A total of 16,365 unique articles were identified of which 6873 of these were reviewed to arrive at the final sample of 600 studies. For the total sample, 428 (71.3%) studies provided recruitment information, 595 (99.2%) provided retention information, 219 (36.5%) reported quantitative acceptability outcomes, 157 (26.2%) reported qualitative acceptability outcomes, 199 (33.2%) reported attendance, 187 (31.2%) reported participant compliance, 23 (3.8%) reported cost information, and 85 (14.2%) reported treatment fidelity outcomes. When compared to the Early Group (1982–2006), studies in the Late Group (2018–2020) were more likely to report recruitment information (OR=1.60, 95%CI 1.03–2.49), acceptability-related quantitative (OR=2.68, 95%CI 1.76–4.08) and qualitative (OR=2.32, 95%CI 1.48–3.65) outcomes, compliance outcomes (OR=2.29, 95%CI 1.49–3.52), and fidelity outcomes (OR=2.13, 95%CI 1.21, 3.77).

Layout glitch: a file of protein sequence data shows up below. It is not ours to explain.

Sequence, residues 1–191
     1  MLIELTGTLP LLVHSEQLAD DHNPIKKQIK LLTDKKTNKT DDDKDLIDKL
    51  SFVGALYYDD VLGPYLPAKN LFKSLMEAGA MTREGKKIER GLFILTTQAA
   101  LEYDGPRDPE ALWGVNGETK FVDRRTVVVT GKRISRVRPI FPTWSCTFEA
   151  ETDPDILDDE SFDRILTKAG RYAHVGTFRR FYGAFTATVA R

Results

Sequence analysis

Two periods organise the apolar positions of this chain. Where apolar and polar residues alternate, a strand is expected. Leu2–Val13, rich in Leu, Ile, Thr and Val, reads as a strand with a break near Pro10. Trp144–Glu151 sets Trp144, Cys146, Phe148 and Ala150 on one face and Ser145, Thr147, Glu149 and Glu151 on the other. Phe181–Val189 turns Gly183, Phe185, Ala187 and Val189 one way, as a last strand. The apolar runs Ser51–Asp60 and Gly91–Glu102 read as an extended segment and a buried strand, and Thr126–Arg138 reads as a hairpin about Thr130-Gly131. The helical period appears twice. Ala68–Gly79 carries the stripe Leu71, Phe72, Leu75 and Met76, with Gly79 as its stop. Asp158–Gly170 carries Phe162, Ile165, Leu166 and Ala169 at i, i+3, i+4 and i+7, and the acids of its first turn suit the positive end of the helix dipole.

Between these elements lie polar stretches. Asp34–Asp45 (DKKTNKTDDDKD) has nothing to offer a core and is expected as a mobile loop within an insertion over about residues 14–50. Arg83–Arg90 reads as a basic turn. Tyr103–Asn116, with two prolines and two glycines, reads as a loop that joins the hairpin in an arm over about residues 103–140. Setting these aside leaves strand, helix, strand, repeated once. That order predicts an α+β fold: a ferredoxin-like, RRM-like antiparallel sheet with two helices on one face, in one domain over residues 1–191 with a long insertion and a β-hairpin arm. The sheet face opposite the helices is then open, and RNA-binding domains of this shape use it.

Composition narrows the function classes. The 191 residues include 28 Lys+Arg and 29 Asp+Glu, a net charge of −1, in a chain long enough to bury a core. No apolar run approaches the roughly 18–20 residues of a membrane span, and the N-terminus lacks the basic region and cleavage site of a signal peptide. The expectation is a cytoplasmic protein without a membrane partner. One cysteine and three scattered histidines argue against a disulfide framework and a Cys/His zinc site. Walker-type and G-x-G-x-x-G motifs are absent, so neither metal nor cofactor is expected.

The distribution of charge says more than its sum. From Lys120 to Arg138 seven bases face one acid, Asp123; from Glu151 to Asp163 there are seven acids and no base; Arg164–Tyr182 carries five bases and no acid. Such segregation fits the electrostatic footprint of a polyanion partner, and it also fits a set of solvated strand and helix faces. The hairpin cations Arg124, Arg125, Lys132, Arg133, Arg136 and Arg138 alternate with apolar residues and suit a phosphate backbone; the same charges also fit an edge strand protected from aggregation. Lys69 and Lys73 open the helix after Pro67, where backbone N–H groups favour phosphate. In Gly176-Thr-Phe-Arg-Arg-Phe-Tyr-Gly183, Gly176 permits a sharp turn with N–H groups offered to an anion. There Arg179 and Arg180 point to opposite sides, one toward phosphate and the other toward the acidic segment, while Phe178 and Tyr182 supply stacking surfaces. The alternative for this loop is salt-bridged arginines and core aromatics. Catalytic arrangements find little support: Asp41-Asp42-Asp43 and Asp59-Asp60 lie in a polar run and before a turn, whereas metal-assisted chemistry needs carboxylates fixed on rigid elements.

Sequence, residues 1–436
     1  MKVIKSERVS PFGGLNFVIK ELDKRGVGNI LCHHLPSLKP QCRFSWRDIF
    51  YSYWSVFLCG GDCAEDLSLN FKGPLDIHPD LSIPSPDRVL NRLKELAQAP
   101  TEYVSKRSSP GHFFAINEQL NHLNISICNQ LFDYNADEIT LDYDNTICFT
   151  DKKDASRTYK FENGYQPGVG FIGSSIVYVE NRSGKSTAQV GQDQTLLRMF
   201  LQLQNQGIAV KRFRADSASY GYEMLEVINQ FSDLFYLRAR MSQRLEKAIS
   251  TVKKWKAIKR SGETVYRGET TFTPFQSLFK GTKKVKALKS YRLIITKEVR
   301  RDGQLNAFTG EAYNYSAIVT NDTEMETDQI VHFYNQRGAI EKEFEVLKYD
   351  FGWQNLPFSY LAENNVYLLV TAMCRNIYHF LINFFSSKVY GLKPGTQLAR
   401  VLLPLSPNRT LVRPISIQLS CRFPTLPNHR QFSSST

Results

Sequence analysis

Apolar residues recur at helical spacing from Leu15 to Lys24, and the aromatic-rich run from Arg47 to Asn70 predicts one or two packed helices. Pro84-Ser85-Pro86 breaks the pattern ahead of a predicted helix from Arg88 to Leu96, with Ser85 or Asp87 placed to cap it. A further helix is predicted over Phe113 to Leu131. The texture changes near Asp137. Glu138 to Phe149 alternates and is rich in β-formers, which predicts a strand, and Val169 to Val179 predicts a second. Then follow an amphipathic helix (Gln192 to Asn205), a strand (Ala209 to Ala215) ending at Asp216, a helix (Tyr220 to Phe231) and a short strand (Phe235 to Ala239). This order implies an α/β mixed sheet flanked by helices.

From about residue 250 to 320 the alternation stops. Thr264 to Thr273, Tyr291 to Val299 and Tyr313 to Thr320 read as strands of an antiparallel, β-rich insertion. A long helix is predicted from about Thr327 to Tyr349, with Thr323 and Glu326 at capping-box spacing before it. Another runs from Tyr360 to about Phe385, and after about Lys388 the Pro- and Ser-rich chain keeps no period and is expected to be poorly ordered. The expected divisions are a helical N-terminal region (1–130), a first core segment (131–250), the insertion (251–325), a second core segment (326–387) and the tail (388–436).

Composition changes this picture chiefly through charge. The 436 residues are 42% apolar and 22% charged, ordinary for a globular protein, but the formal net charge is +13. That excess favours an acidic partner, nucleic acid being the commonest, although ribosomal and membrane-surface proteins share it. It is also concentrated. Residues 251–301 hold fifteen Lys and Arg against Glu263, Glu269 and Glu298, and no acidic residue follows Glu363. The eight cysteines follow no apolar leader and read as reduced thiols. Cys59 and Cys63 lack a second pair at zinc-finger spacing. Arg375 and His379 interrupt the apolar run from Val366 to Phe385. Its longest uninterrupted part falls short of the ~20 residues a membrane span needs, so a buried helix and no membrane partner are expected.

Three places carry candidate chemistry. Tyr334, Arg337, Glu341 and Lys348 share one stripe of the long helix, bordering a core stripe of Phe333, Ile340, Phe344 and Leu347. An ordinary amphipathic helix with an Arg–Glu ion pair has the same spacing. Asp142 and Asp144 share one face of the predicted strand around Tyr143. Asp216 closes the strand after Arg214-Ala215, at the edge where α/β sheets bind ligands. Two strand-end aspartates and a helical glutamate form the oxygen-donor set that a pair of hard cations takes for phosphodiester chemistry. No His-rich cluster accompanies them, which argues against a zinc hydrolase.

The reporting of feasibility indicators within behavioral pilot/feasibility studies has improved across time, but key aspects of feasibility, such as fidelity, are still not reported in the majority of studies. Given the importance of behavioral intervention pilot/feasibility studies in the translational science spectrum, there is a need for improving the reporting of feasibility indicators.